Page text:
The following is an excerpt from Jing Daily’s upcoming report “NFTs: Collaborating in the Metaverse.” Packed with market research, spotlight interviews with industry insiders, and revenue-generating insights, the report is a must-read for anyone interested in understanding how NFTs and the metaverse will impact marketing and sales strategy in the years to come. Email us today to pre-order your copy of the report.
Although it may seem as if luxury brands are new to minting the virtual wearables, cartoon avatars, or in-game skins that have largely defined the NFT gold rush since early 2021, many have been relatively eager to leverage the counterfeit-fighting aspect of NFTs and the blockchain. This has translated to a slew of marketplaces and platforms competing to attract brands in the luxury space, from generalized platforms like OpenSea, Rarible, and Nifty Gateway to a fast-expanding constellation of fashion, lifestyle, and luxury-specific upstarts.
Among the blockchain-centered platforms specifically aimed at fashion and luxury brands are Paris-based Arianee (which works with Audemars Piguet, Vacheron Constantin, and Ba&sh), VeChain – which worked with Givenchy to embed authenticity-verifying chips in handbags – and the aforementioned Exclusible. Competition is fierce among platforms to attract the biggest names in luxury. In June 2021, Christie’s burnished its potential as a luxury NFT-selling platform by enticing Gucci to include its “Aria” art film NFT in the Christie’s auction PROOF OF SOVEREIGNTY: A Curated NFT Sale by Lady PheOnix, where it ultimately sold for $25,000.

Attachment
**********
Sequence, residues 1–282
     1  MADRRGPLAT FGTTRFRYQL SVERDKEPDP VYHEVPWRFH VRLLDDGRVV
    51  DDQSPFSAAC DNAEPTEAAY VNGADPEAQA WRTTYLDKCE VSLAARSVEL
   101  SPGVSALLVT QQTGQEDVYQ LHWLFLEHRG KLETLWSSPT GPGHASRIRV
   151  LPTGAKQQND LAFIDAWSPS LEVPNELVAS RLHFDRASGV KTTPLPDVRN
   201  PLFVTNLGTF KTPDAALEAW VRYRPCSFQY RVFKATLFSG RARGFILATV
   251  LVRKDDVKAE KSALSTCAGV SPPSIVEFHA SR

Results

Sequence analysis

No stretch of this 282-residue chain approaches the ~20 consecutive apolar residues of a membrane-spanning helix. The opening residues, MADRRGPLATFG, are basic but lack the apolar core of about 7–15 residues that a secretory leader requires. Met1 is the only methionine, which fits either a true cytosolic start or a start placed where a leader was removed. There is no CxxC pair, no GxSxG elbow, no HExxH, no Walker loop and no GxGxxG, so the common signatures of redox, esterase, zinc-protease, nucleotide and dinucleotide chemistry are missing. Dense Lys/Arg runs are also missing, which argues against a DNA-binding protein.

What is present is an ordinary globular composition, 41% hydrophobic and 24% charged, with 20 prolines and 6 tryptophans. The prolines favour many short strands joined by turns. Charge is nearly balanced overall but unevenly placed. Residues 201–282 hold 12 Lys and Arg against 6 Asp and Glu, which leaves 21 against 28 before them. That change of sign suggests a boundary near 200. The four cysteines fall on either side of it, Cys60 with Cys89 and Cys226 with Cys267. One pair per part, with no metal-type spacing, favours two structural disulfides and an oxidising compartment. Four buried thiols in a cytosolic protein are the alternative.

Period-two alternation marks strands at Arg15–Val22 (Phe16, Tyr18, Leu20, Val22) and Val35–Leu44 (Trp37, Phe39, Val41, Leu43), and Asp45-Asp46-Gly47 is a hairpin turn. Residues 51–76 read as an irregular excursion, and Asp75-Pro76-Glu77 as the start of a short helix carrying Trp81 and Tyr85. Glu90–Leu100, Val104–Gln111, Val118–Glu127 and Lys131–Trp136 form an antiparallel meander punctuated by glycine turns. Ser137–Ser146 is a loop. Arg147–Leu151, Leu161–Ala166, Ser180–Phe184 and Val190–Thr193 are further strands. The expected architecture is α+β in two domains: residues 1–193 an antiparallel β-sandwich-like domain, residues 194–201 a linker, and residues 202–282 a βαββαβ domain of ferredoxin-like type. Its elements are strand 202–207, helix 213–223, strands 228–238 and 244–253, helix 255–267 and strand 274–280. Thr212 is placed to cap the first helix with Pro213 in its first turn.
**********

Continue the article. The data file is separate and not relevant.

Meanwhile, for its first NFT offering Louis Vuitton partnered with Wenew, a startup co-founded by artist Beeple which bills itself as “an NFT platform that curates and provisions iconic moments and powerful cultural artifacts.” For its first NFT collection, French cosmetics and skincare brand NARS turned to Truesy, “a curated NFT marketplace featuring culturally iconic work from the intersection of fashion, art, music, sports and technology,” for its NFT collection of three commissioned artworks. Bitski, a San Francisco-based startup with an investor roster that includes Andreesen Horowitz and Jay Z, worked with American cosmetics brand e.l.f. Cosmetics for e.l.f.’s first NFT release in June 2021. Dolce & Gabbana, for its nine-piece digital-and-physical NFT collection in September 2021, opted to work the platform UNXD.
At the moment, this patchwork of NFT marketplaces goes to show that there is no dominant platform in the luxury space. However, as luxury brands more seriously eye NFTs as a revenue driver and a way to enter the wider multiverse, as well as a method of assuaging consumer concerns about product authenticity and provenance, there are indications that greater consolidation may eventually come through the efforts of luxury groups rather than outside startups.
Perhaps the most important validation of blockchain technology by the luxury industry came in April 2021 with the launch of the nonprofit Aura Blockchain Consortium, a collaboration between the Prada Group, LVMH, and Cartier. Open to any luxury brand that pays licensing fees and a fixed fee per product, access to the Consortium offers brands the ability to track and trace products with a unique digital identity based on an NFT. All brands involved in the consortium contribute to blockchain governance and strategy. In January 2022, the consortium rolled out its cloud-based Aura SaaS (software-as-a-service) tool, offering easier and lower-cost implementation of the platform to “address authenticity, ownership, warranty, transparency and traceability.”
Email us today to pre-order your copy of “NFTs: Collaborating in the Metaverse.”